In his philosophy of language, he strove to overturn the conception of linguistic meaning and understanding that has dominated European thought since antiquity: namely, that the essential function of words is to stand for things—for objects, properties, and relations, and that the essential function of sentences, which are ordered combinations of names, is to describe how things stand. He also sought to overthrow the conception of a language as a calculus of meaning rules and primitive indefinables—as he himself had thought when he wrote the Tractatus, and as Russell had thought when he wrote Principia Mathematica. In place of all this, he delineated a quite different conception of language as an array of partly rule-governed activities integrated into a complex form of life and culture.
Mainstream tradition had conceived of language as a means by which we can communicate our thoughts to others. Thought itself, it was commonly supposed, is independent of language. This too Wittgenstein repudiated. The limits of possible thought are the limits of its possible expression. It makes sense to ascribe to a creature only such thoughts and thinking as could be expressed by the resources of its behavioral repertoire. That is why a dog may think it is now about to be taken for a walk (it has just heard its leash being taken down, and is barking excitedly), but cannot now think it is going to be taken for a walk tomorrow. For nothing short of linguistic behavior and a language involving devices for temporal reference could express such a thought. It is precisely because we are language-using creatures that the horizon of our thoughts is so vast.
Wittgenstein’s philosophy of psychology gave quietus to Cartesian dualism, to behaviorism, and by implication to the degenerate Cartesianism exhibited by contemporary cognitive science and cognitive neuroscience. The mind is not a spiritual substance—as the Cartesians supposed—but it is not a material substance (the brain) either since it is not a substance at all. In so far as it can be said to be anything, it is a set of intellectual capacities distinctive of language-using creatures. But better: For a creature to have a mind is for it to have and exercise an array of distinctive intellectual capacities of thought, memory, and rational will. Muddled talk of the relationship between mind and body is at best a mere façon de parler (expression) behind which is nothing other than reference to the distinctive capacities of a person and their exercise by that person.
Mainstream philosophy of psychology to this day is committed to the intelligibility of mastery of psychological concepts independently of mastery of their application to others. That is, it is commonly held that it makes sense to suppose that one can grasp the meaning of psychological verbs and their cognates and apply them to oneself, prior to being able to apply them to others. For the latter, many psychologists have argued, one needs to construct a theory of mind. This conception Wittgenstein definitively showed to be incoherent. Self-ascription of experience is possible only on condition of mastery of the concepts of experience, and mastery of these concepts requires a grasp of the grounds for their ascription to others. Such grounds consist of behavior, expression, and utterance. So the groundless ascription of predicates of sensation, perception, thought, emotion, and will to oneself presupposes one’s grasp of the behavioral grounds for their ascription to others.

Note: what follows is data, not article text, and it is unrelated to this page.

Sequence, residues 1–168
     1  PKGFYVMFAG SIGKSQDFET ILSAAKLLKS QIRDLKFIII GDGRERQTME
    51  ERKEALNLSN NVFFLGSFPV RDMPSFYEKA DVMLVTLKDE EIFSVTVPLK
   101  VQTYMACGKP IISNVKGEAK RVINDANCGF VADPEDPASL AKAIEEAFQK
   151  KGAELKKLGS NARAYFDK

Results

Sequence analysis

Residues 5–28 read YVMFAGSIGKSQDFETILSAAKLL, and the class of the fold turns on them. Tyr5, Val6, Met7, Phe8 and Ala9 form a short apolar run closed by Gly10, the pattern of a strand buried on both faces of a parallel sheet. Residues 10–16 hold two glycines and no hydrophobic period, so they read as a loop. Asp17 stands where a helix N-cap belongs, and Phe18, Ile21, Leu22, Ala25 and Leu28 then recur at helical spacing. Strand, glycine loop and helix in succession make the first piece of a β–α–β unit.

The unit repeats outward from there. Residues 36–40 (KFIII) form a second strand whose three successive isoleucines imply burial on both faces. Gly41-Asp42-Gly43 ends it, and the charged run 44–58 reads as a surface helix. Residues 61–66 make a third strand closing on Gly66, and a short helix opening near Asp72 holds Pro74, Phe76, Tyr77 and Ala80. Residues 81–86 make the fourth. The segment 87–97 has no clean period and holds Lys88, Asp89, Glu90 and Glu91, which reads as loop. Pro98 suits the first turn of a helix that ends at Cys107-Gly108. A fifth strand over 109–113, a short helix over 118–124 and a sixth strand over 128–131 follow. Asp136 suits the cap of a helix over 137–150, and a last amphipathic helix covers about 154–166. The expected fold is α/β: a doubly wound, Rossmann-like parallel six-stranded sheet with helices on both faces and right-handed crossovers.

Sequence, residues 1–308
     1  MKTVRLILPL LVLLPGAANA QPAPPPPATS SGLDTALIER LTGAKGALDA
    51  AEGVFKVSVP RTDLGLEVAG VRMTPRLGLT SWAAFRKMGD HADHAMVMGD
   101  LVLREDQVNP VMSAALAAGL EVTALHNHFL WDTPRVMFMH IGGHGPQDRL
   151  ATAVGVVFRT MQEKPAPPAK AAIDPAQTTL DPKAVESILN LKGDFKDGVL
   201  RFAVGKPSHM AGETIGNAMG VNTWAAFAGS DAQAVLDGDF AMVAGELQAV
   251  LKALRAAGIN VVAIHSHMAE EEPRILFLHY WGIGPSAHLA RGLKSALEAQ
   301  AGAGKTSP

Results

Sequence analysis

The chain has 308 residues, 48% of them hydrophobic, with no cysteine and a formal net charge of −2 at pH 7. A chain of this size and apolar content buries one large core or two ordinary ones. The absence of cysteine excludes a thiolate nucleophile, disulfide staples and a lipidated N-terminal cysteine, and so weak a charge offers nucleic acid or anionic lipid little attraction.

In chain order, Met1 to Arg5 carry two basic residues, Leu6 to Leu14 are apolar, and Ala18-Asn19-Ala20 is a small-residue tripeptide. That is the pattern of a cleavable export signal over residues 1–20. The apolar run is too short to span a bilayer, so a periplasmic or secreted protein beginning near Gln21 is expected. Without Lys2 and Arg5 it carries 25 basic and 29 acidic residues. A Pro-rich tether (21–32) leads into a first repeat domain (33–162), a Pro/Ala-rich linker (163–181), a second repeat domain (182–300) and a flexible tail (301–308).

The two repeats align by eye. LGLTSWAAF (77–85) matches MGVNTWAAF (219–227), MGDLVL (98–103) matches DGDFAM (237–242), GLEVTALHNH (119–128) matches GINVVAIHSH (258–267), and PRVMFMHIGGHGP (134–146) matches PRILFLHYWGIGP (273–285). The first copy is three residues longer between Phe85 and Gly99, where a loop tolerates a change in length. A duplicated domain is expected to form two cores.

I shall not say anything about his philosophy of mathematics, except to remark that it is the least understood part of his later philosophy, and that it is no less original and revolutionary than his other contributions to philosophy.
Now, a word or two about Wittgenstein’s later conception of philosophy. He did not think philosophy could contribute to our knowledge of the world, after the manner of the empirical sciences, let alone to our knowledge of all possible worlds (as today’s meta-physicists would have it), since there are no possible worlds, any more than there are possible people. He held that philosophy was a contribution to human understanding—in particular, to the understanding of the structure of our conceptual scheme. The task of philosophy is to resolve or dissolve philosophical problems. Philosophical problems are conceptual confusions. They arise through difficulties in finding our way around our own conceptual scheme. They can be dissolved only by scrutiny of the use of words, by a meticulous survey of the network of related concepts, and a demonstration that the bounds of sense have been transgressed.
Philosophy is not continuous with science. It is not even in the same business as science. And its results are not additions to the sum of our knowledge of the world. There is no room for theories in philosophy on the model of scientific theories that can be confirmed or infirmed in experience. There is no room for hypotheses, for it cannot be a hypothesis that a certain form of words makes sense. The task of philosophy is to achieve conceptual clarity—a perspicuous overview of a segment of our conceptual scheme, and thereby the resolution or dissolution of philosophical problems. The rewards of philosophy are conceptual clarity, and the ability to find our way around our conceptual scheme so that we can cope with conceptual confusions when they arise. Past philosophers searched for the map of Treasure Island in order to find the hidden treasures of metaphysical insights into the essence of the world. It took Wittgenstein to realize that the treasure is the map.
SC: To this day, Wittgenstein’s philosophy is still misunderstood and misinterpreted. No consensus exists among interpreters of Wittgenstein’s work. How would you advise one to begin a study of his philosophy? Are there particular works from the vast body of secondary sources you’d recommend beyond his original works?
PH: Wittgenstein is not an easy philosopher, and there is no way of making him so. One can help people climb the north face of the Eiger—but one cannot make it easy. The best general introduction to his thought of recent years is Severin Schroeder’s Wittgenstein: The Way out of the Fly-bottle (Polity Press, Cambridge, 2006). An excellent dictionary to be used for assistance while reading Wittgenstein’s works is H.-J. Glock’s A Wittgenstein Dictionary (Blackwell, Oxford, 1996). For a general overview of his philosophical achievement, and for the historical context and the impact of his work, I would like to recommend a book of mine: Wittgenstein’s Place in Twentieth Century Analytic Philosophy (Blackwell, Oxford, 1996).